Trivia Testers : Secret Societies

Question: Who and what are the Quiet Birdmen?

  1. a branch of sailplane enthusiasts
  2. a colloquial name for a local chapter of deaf pilots
  3. The Ancient and Secret Order of Quiet Birdmen, a fraternal organization founded in 1919
  4. a postumous title for deceased EAA members

Answer: Number 3. Charles Lindbergh was a QB, however he was not a founder of the organization, as is often stated. The Quiet Birdmen was founded by seven World War I pilots who, beginning in 1919, regularly met at Marta’s Restaurant in Manhattan to share war stories.

In the spring of 1920 the group, which had grown considerably, rented the roof garden restaurant on top of a Manhattan hotel populated principally by elderly residents. They kept the roof for the entire weekend during which they partied quite heartily. They created quite a ruckus on the roof and while going up and down the stairwells and the elevator. Due to the noise, the elderly residents dubbed the group “The Quiet Birdmen”. The name stuck and “Ye Anciente and Secret order of Quiet Birdmen” was officially founded in January of 1921.

Subject: Ice Nine?

Question: Does ice always melt at zero degrees C, and does water always freeze at zero degrees C?

  1. At normal atmospheric pressures (and up to and including 1000 atmospheres or so), yes.
  2. The same as number 1, however water doesn’t always freeze at zero C. At up to 70 Centigrade degrees below ‘freezing’ however, and about 1000 atmospheres, water will stay liquid and in fact separate into two separate densities, one about 15% less dense than the other.
  3. Although some weird stuff (like the above) happens at very high pressures, even here on normal old earth, water can supercool if there are no condensation nucleii. Supercooled cloud droplets at -50 degrees C have in fact been observed, albeit rarely.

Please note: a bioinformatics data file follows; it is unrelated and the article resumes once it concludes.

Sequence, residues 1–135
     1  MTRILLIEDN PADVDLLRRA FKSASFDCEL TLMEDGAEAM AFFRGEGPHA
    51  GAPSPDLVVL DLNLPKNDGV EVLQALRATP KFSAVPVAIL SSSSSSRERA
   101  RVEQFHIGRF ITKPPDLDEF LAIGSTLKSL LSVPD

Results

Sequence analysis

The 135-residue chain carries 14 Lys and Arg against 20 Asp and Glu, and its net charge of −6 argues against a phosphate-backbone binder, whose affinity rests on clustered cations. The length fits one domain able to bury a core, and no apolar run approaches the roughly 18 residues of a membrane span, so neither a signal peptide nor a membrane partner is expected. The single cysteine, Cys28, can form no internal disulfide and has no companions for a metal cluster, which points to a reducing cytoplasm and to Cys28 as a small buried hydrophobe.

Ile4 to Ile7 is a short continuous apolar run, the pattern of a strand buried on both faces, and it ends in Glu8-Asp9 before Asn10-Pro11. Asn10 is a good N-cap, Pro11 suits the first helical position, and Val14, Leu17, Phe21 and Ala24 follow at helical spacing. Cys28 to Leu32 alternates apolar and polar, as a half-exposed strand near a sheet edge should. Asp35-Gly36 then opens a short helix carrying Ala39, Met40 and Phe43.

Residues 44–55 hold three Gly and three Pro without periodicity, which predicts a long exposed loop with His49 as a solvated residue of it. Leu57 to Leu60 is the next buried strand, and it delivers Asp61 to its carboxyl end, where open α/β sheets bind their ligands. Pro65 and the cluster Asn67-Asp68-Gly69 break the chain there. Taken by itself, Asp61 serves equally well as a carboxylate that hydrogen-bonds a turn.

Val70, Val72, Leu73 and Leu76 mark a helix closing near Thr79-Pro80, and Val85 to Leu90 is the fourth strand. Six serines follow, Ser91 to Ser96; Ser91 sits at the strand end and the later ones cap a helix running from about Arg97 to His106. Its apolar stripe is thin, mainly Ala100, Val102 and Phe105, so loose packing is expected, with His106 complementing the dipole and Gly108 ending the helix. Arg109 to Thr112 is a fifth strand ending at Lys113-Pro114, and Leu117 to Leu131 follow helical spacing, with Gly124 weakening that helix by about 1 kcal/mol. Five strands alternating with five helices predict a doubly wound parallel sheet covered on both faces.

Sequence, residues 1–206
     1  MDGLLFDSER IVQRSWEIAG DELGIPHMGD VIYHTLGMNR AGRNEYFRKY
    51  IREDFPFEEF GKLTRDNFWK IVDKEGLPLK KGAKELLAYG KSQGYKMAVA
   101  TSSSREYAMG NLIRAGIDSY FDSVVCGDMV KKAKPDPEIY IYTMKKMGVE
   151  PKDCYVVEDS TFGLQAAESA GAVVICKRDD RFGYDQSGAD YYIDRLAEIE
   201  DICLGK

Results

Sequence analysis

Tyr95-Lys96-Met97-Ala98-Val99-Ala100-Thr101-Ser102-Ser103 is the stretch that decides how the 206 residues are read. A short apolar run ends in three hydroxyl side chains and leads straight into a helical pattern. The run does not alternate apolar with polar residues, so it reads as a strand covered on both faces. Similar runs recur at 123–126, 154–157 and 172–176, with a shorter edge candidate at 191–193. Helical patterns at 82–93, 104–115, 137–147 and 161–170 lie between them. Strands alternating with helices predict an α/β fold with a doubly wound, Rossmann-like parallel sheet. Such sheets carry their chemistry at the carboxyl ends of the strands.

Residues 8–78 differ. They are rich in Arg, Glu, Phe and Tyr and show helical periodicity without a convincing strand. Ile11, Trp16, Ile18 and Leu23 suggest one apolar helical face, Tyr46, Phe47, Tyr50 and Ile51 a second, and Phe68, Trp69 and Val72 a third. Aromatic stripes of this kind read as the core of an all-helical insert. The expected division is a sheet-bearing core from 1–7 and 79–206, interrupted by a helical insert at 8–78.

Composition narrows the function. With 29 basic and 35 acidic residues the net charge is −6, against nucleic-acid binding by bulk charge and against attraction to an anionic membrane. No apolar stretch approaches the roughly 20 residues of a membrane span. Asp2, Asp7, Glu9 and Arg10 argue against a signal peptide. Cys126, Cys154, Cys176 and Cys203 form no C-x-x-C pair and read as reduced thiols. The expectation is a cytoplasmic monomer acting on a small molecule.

4. It depends on wind. If there is any advection (a fancy word for wind) greater than about 10 knots, supercooled water cannot exist.

Answer: Number 3, of course. Ice, at normal atmospheric pressure always melts when warmed to temperatures above zero degrees C. But water doesn’t always freeze when cooled to zero C. Water in very small drops may take some tens of minutes to freeze when the temperature drops well below -50 degrees C or so. Water droplets, even rain-sized drops, can exist in liquid form well below ‘freezing’ if they do not have a freezing nucleus. The ice crystals ‘can’t get started’. After the water temperature goes below zero Celsius, the temperature decline is slow but significant. At some temperature below the ‘freezing point,’ the water finally does freeze and the temperature rises rapidly to zero Celsius. This means that heat is released from the freezing of water. There are around 80 calories of heat released for every gram of water which freezes. Just as heat is released in the condensation of water, freezing also causes heating (though less than one sixth as much, per gram). What this means though, is that to some extent, the presence of snowflakes implies that an additional boost of heat is transferred to the air in the form of updrafts (and downdrafts when it melts).

Subject: Snowflakes

Question: They say no two snowflakes ever look alike. Aside from the obvious question of whether or not it’s true (which it is), are there other types of snowflakes besides the familiar flat, frilly, dendritic six-sided ‘doily’ shape?

  1. There is only one basic shape for snowflakes. Their variety however, is infinite.
  2. Snowflakes can come in three forms. They are the familiar hexagonal ‘flake’, hairy ‘spheres’ when condensation nucleii are over 50 microns and air temperatures are below 30 degrees C, and at about -4C, needles.
  3. The number of shapes, as well as the variety within each, are both infinite.
  4. Depending on temperature there are actually at least five types, although all are basically hexagonal in form. Between zero and -50F, snowflakes can be hexagonal tile shapes, needles, hollow prismatic tubes, tubes with hexagonal plates at either end, or the familiar frilly one with six (sometimes 12) arms.

Answer: Number 4. And the reason most people DON’T know about the other snowflakes (aside from the fact that the other types aren’t nearly as photogenic) is that those ‘grow best’ at a range of temperatures (-12 to -16 C) where the difference in vapor pressure over ice and liquid water is at its maximum. At 12C, *the* most energy is released when liquid water evaporates and condenses on ice crystals.